percent have other chronic diseases such as diabetes, hy-
pertension and arthritis.
3.6. Lingering Effects
Participants reported such lingering effects as fatigue,
anxiety, depression, stress, new health problems (“heart
problems,” “hypertension,” “joint pain”), recurrence or a
new cancer type diagnosis and neuropathy. They also
reported not being satisfied with the results of surgery
and swelling around chest area. Ninety-two percent said
they had an ongoing fear of recurrence of cancer and
were more aware of their bodies than before their diag-
nosis and treatments.
3.7. Insurance and Employment
Eighty-six percent of the women had some form of in-
surance during treatment and continued to have coverage
after treatment. They reported that having adequate in-
surance was a major concern, but they were able to util-
ize private or public coverage.
When asked if they had trouble taking time off work
during treatments (if they worked), 27% said they did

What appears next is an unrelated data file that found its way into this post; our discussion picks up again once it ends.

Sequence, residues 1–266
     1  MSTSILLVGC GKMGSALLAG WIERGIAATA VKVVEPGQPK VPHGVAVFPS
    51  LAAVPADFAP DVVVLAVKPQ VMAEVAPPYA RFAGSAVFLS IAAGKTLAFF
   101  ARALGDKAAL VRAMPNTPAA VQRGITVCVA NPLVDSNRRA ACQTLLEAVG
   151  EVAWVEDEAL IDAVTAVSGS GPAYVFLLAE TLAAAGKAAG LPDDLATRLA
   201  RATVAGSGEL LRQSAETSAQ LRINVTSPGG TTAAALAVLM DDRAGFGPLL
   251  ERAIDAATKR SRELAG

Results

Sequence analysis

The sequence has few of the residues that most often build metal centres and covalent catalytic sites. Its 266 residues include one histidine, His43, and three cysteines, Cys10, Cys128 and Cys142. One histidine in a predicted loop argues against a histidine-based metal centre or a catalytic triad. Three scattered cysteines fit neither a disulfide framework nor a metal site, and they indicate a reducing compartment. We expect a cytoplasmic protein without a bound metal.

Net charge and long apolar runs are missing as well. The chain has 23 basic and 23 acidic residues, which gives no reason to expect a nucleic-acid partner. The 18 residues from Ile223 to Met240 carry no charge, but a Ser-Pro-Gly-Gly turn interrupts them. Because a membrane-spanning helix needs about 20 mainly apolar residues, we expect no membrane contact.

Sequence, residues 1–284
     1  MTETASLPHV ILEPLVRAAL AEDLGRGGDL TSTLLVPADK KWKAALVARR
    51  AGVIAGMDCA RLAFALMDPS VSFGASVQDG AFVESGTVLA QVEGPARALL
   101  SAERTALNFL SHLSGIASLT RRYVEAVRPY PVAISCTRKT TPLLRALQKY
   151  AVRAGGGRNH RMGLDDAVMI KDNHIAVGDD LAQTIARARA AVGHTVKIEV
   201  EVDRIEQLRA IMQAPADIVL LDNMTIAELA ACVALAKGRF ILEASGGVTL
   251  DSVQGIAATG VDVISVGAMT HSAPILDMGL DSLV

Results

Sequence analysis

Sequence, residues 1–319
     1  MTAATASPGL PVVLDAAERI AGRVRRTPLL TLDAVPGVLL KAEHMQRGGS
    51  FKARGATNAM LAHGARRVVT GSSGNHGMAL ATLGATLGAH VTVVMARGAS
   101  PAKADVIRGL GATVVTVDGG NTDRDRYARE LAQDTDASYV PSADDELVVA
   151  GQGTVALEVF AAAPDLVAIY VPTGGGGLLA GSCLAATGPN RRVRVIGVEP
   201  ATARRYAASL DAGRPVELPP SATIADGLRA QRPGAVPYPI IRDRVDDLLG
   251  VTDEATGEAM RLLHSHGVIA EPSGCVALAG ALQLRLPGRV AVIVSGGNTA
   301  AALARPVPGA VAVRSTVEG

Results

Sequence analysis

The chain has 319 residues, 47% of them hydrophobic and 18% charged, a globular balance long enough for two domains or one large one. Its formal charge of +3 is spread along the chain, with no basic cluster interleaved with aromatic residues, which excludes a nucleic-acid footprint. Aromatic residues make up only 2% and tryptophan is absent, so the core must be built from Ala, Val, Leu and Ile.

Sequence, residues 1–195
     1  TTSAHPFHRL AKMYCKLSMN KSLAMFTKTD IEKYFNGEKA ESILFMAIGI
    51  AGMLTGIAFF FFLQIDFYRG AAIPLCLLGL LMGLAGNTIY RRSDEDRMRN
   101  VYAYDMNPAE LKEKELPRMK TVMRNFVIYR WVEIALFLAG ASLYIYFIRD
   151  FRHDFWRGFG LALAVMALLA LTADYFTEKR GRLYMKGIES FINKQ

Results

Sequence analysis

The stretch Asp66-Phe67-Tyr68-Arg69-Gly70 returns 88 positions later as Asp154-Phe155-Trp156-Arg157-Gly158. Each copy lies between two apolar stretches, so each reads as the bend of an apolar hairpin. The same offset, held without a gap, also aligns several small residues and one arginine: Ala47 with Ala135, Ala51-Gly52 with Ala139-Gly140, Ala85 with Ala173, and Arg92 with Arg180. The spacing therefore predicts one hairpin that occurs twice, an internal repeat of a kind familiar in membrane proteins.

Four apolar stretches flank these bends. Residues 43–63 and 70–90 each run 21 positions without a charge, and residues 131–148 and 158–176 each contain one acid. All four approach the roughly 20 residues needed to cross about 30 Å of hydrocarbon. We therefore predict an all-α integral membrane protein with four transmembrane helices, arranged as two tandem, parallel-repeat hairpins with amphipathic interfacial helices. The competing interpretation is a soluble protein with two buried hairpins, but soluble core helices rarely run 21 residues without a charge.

have problems and one woman who reported not having
problems taking time off also reported that her position
was filled during her absence. Thirty-five percent did not
answer the question and 27% said they didn’t work out-
side the home.
While the participants d id not have to worry about co-
verage for their treatments, those women who worked
outside the home did struggle with work-related prob-
lems during treatment and when they return ed to work (if
their former jobs were available). This caused additional
stress for women who had to deal with co-workers and
supervisors who treated them differently upon their re-